It is a sad but undeniable fact that home is not always a safe haven and that once loving relationships can turn violent. A recent statistical study by the World Health Organisation in 2013 found that more than one in three people are victims of sexual or physical violence.
Domestic violence encompasses many forms of violence involving different parties, including partners, parents, children and the extended family. Domestic violence refers to a wide range of acts, from verbal abuse to threats to marital rape and murder, that take place in the privacy of an intimate relationship, often in the marital home. In other words, domestic violence involves people who know each other, not ‘strangers’.
In Malaysia, there are a number of laws that protect the victim from domestic violence. The primary one is the Domestic Violence Act 1994 (“DVA”). Prior to DVA, any action against an abuser was usually through a charge under the Penal Code in a criminal case or a court order for a restraining order. DVA is made conditional by Section 3 of the Penal Code for a charge to be brought against the offender. This means that any complaint of domestic violence made by a complainant must be investigated by the police under both DVA and the Penal Code.
According to section 5 of the DVA, protection orders are designed to protect the complainant, a child or an incapacitated adult from domestic violence.
The DVA also extends protection to “de facto spouses,” couples who have performed a religious or customary marriage ceremony but have not registered the marriage. However, the law does not apply to unmarried couples.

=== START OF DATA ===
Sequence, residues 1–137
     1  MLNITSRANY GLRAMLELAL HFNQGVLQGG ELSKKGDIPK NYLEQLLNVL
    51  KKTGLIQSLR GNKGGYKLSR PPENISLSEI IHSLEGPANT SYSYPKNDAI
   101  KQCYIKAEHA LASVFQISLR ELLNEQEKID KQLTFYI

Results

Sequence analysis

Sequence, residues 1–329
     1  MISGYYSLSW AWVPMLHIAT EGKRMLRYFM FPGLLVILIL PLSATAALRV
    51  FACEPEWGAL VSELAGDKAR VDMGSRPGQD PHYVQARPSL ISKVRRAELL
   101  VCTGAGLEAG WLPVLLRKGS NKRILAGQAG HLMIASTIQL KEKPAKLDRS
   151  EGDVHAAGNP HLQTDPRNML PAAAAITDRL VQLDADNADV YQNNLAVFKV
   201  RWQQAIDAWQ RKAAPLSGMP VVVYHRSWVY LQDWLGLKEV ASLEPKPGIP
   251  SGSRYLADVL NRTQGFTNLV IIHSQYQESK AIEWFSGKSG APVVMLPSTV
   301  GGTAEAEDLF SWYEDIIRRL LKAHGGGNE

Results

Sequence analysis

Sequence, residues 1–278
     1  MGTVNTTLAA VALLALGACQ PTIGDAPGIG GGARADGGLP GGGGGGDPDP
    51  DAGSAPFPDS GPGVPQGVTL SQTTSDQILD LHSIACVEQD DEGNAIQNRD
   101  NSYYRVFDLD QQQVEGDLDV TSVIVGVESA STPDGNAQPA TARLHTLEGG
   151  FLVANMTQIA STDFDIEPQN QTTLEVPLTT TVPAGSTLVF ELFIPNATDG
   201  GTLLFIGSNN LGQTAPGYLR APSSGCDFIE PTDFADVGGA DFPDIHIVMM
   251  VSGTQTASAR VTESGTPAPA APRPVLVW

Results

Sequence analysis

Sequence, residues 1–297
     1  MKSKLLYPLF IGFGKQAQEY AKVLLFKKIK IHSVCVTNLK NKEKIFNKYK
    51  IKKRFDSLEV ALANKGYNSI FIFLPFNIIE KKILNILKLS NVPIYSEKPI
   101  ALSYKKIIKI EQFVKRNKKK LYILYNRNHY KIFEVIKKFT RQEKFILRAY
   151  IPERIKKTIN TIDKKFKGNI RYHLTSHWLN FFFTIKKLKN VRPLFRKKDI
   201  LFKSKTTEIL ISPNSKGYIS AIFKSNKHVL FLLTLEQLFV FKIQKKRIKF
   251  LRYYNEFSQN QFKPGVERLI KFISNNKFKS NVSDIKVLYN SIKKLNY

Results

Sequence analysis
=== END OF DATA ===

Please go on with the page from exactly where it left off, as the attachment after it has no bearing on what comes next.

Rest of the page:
The DVA interprets the term domestic violence broadly. It includes the following terms:
There are two types of protection orders designed under DVA which are emergency protection orders and interim protection orders.
The current amended DVA allows the Director General under Part 1A to authorize in writing a welfare officer to issue an EPO if the defendant intentionally or knowingly places or attempts to place the victim in fear of bodily harm or inflicts bodily harm on the victim by such act that is known or should have been known to result in bodily harm.
It is not necessary for the applicant to file a police report in order for the EPO to be issued. The EPO may be applied at the nearest social services agency known as Jabatan Kebajikan Masyarakat (JKM). Upon receipt of the application for an EPO, the authorized welfare officer may issue the EPO within 2 hours of the application. When issuing an EPO, the following orders may also be made;
Although neither a police report nor a petition for court protection is required for an emergency order, an emergency order is valid only for seven days from the date of its issuance and is enforceable only if a copy of the order has been served on the person against whom the order was issued.
IPO is an order issued while the investigation is ongoing and expires at the conclusion of the investigation, at which time the complainant must seek a protective order under Section 5 of the Act.
If the court determines that the complainant’s protection and personal safety are in jeopardy, the court may order one or more orders under Section 6(1) of the Act, which may be included in the protective order. Additional orders include the following:
Section 6(1)(f) of the Act also gives the court greater discretion to issue any orders necessary to carry out and related to the above orders.
Since the introduction of the Act, many victims are aware of their rights and have better access to justice when it comes to crimes of domestic violence.
In summary, the government should make rigorous efforts to deal with the increasing number of domestic violence cases by promoting programmes such as support groups for victims, legal awareness programmes, education campaigns, and mass media campaigns to improve the current situation and reduce the number of domestic violence cases in this country.
Ultimately, any protective order under the Act is intended to protect a victim, child or incapacitated adult from being harmed by the perpetrator by ensuring that they are protected, treated and compensated in accordance with the Act.